This post comes from the same missionary who authored the previous post that was read so widely. NOTE: I am aware of the author’s identity and made the decision that his reasons for anonymity were valid. Part One from this missionary can be found here.
I wrote anonymously earlier to draw attention away from who is writing to what is written. Do Southern Baptists know or care that the mission effort that inspired the cooperation of our churches is declining? I believe it matters to God that we are letting slip away the most effective way for Southern Baptists to impact the world. My wife and I are products of a Southern Baptist home, church, college, and seminary, but it was the leadership and mentoring we received as FMB/IMB missionaries that had the greatest impact on our ability to accomplish our mission task. When we arrived overseas I had ministry education and experience, but no idea how to plant churches in our new home. Nobody was assigned as our mentor, so we sought out the advice and experience of the veterans already there. We are so grateful for those who had gone before us and were patient with our constant questions. I do not know if we would have stayed long-term if it had not been for that mission family who loved us and encouraged us. The mission team has been the critical unit for reaching the world since the New Testament.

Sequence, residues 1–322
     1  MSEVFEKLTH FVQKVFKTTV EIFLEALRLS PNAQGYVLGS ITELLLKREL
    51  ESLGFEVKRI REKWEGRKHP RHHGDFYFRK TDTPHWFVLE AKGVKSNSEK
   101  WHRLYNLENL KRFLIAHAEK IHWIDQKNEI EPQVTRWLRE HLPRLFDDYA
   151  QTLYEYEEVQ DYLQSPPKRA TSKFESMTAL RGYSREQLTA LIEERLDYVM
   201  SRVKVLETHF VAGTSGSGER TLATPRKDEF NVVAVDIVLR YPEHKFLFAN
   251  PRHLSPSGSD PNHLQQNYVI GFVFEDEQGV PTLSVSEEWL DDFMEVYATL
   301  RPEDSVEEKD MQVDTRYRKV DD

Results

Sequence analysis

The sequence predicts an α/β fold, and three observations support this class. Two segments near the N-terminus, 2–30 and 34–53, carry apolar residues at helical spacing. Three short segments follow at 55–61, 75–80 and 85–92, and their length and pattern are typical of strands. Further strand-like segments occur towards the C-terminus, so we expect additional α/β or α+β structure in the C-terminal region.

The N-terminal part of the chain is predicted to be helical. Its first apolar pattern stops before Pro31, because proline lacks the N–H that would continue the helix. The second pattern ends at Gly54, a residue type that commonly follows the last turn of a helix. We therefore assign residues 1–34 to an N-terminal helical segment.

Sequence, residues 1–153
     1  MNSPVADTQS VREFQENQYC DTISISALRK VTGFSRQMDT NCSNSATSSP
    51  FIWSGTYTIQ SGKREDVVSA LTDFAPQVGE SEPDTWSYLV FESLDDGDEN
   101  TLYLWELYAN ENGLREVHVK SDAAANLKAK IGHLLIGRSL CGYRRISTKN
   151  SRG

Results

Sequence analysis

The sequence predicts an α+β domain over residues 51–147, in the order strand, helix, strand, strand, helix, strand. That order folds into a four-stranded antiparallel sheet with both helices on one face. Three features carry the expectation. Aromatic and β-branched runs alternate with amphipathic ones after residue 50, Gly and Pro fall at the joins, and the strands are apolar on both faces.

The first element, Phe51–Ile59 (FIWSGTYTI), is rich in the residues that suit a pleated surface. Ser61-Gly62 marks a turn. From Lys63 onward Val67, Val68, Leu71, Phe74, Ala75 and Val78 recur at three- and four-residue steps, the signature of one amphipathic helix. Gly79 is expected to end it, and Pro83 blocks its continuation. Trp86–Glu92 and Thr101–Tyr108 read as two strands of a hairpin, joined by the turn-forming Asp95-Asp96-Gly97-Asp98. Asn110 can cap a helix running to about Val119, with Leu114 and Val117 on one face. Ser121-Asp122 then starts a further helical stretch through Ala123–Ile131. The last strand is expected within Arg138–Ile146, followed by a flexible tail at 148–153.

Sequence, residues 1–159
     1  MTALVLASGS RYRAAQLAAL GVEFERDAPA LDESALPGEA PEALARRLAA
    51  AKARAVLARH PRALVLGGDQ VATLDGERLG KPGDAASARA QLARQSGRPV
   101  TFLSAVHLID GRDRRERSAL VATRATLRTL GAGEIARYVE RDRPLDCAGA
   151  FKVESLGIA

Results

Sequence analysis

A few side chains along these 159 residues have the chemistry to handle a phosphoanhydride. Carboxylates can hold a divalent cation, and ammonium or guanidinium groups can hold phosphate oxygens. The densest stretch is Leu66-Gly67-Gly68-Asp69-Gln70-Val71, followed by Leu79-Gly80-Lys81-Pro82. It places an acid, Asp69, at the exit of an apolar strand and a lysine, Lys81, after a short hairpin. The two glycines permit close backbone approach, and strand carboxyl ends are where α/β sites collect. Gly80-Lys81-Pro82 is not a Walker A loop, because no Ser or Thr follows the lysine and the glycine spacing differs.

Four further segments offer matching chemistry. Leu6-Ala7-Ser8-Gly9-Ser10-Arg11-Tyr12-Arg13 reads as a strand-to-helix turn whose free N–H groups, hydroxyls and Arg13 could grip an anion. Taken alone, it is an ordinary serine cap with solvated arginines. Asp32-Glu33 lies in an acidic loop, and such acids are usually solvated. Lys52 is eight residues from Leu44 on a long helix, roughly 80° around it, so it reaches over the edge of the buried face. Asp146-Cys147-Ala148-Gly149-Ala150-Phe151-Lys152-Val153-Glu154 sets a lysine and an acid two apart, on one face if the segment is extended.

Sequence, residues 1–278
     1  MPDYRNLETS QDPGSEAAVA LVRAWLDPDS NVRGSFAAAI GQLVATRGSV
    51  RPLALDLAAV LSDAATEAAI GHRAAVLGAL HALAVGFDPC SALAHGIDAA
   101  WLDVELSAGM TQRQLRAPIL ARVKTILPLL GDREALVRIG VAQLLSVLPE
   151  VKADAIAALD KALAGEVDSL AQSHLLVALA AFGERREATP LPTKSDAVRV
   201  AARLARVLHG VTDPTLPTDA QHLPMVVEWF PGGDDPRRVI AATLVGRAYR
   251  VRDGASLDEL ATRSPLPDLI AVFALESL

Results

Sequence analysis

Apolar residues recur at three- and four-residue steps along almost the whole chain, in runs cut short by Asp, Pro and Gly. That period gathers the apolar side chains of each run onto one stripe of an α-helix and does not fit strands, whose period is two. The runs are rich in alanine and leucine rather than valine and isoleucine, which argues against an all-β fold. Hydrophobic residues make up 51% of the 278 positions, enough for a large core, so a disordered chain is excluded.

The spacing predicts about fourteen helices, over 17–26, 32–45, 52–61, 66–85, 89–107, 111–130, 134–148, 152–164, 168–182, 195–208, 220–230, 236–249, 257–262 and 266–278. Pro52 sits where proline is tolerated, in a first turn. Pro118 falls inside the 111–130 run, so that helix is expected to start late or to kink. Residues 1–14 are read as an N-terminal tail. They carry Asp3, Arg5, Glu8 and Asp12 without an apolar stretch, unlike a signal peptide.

The broader American mission world needs the continued strong presence of the IMB. What is happening in the American mission community can be seen in the Evangelical Missiological Society. It reflects a trend in American “evangelical” circles to move away from boldly proclaiming Jesus as the only way and calling people to believe. The IMB and SBC have been a consistent voice against the trend that Bible translators in the Muslim world take out all references to “Son of God” because Muslims might object. We have spoken against a popular trend in many mission agencies that advocates adding Jesus to existing religious systems like Islam and Hinduism. Many consider it success when Muslims consider Jesus a prophet, which they already do, and Hindus consider Jesus a really neat god among all the others, which they already do. For example, not long ago a pastor acquaintance invited me to lunch to meet his mission partner, and I almost choked on my burger when I realized that this was the man who had caused great grief for my IMB colleagues working among Muslims where his Christian trainees had publicly converted to Islam and entered the local mosque in order to start an “insider movement.” Sadly, autonomous SBC churches are generous supporters of some of these agencies. In contrast, IMB missionaries share the gospel for the purpose of leading the lost to religious conversion with cultural continuity, which we know to be biblical contextualization. Postmodern relativism is creating havoc in some American mission circles where there is little confidence in the divine power of the gospel to call men and women to repentance and the miracle of new birth. If the IMB continues to decline for lack of support from SBC churches, then our light will dim in these circles as well.